- Audience Participation in Theatre: Aesthetics of the Invitation by Gareth White
Gareth White opens his Audience Participation in Theatre: Aesthetics of the Invitation with the simple observation that “there are few things in the theatre that are more despised than audience participation” (1). While this sentiment might be somewhat overstated, I suspect few artists or audience members would claim total freedom from apprehension when participation is called for at a performance. As White points out, however, participatory theatre continues to be an integral part of practice at all levels of theatre. The dissonance between the trepidation of the audience and the proliferation of these techniques in approaches such as applied theatre, immersive theatre, and theatre for social change suggests that they offer at least some degree of efficacy. In seeking to resolve the gap between audience [End Page 348] resistance and performance affect, White focuses his study on the aesthetic framing that enables and authorizes this type of theatre: the invitation to participate.
For White, this “moment of invitation” is critical to the success of the participatory performance, to the strength of the audience’s engagement, and even to the ethical implications of the public transformation of an audience member from spectator to spectated. He suggests, however, that this critical moment has been sometimes dismissed as merely a necessary structural component of any participatory performance. By way of response, White uses this study to argue that the process of extending an invitation to join in a performance should be understood as a method of art-making. In this sense, the moment of invitation is not only an aesthetic device but also, through its conventions, repeated structures, and capacity for meaning-making, an aesthetic in its own right. In that these moments are actively negotiated and revised during performance and embodied by presumably untrained participants, however, the aesthetic suggested by these practices raises important questions of access, agency, and danger. White’s framing of invitation-as-aesthetic is supported by the fact that these questions can contribute to potentially profound shifts in audience experience and point of view (9).
White’s study is organized into four chapters. The first three, “Process and Procedure,” “Risk and Rational Action,” and “Irrational Interactions,” are devoted primarily to the implications, ethics, and potential dangers of the preinvitation period, as well as the actual extension of the invitation to participate. In these chapters, he covers theoretical lenses ranging from performance studies to cognitive neuroscience in an effort to approach the act of invitation from a variety of perspectives. Chapter 4, “Accepting the Invitation,” moves into the actual experience of responding to the invitation and the repercussions of that response. In each of these chapters, White opens with a review of relevant scholarship and an application of these theories to the moment of invitation before turning to a practical example. As he cautions in the introduction, however, “nothing here is articulated with the rigour of a case study” (3).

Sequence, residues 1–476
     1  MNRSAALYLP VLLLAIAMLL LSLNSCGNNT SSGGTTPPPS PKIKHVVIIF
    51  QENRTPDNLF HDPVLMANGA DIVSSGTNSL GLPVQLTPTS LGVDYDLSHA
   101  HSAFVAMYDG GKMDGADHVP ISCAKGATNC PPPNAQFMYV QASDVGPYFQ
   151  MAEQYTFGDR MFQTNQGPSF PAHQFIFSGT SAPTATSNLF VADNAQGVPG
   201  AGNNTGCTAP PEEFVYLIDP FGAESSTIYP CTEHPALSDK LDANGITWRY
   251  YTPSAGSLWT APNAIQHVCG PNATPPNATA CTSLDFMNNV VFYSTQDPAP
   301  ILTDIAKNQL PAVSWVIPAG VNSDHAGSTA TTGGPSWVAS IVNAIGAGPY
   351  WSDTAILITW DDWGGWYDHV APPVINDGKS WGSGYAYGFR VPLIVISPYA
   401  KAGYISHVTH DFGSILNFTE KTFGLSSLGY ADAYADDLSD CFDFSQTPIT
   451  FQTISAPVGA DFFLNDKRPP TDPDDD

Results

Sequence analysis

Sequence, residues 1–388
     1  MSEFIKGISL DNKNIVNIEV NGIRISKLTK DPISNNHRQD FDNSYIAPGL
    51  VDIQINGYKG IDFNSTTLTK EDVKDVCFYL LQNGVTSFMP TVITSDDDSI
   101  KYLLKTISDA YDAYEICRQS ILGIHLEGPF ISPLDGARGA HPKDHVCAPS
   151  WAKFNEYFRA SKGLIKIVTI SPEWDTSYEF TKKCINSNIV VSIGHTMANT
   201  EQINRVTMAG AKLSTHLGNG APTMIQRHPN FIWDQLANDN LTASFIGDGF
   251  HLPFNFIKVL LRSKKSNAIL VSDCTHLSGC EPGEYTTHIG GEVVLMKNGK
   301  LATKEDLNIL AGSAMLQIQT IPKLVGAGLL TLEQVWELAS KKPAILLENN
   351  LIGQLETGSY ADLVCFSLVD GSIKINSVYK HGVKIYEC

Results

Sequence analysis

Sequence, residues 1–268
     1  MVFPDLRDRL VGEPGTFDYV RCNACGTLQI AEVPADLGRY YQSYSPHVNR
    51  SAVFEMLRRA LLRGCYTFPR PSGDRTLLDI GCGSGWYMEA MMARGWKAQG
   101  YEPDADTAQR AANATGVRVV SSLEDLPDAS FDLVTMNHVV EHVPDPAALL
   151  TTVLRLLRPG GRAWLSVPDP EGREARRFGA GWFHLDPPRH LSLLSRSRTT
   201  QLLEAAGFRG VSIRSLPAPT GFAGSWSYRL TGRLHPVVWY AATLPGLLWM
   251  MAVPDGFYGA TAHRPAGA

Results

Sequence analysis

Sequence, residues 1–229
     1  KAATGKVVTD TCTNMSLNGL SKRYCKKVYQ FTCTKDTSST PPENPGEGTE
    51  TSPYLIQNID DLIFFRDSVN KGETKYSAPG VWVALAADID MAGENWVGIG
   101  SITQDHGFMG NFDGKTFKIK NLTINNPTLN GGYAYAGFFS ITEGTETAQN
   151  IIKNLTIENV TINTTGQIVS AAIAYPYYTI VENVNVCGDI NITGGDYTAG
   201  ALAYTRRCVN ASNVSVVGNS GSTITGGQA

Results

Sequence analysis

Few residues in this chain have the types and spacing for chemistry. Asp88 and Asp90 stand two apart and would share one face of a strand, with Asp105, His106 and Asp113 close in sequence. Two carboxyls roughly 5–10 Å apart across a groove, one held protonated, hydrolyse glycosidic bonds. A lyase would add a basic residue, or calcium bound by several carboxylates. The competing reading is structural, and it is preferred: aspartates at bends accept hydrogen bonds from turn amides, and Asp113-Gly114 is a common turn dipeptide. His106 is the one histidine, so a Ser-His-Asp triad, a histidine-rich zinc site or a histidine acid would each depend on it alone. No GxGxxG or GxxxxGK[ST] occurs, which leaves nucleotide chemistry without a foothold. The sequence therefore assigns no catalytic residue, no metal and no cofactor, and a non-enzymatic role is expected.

This caution aside, out of these examples comes the most exciting material in the book. In these readings, spanning work by Armadillo Theatre, Jonathan Kay, De La Guarda, and Tim Crouch, White hits his stride and demonstrates his own considerable experience with applied theatre and theatre in education. It is in those sections, rather than in the theoretical reviews that precede them, that the importance and artistry of invitation is made clear. Also important here is White’s work in extending the notion of “horizon of expectations” developed by Gadamer, Jauss, and Bennett. His adapted “horizon of participation” begins [End Page 349] by drawing on the earlier theory’s framework of signals and characteristics that condition any audiencing experience and locate interpretation, at least in part, as a process that presupposes exposure to the text or performance. White’s major point of departure is that while both the horizon of expectation and the horizon of participation rely on the audience member (or reader) to interpretatively bridge gaps and make meaning in the dissonance between expectation and actuality, the horizon of participation...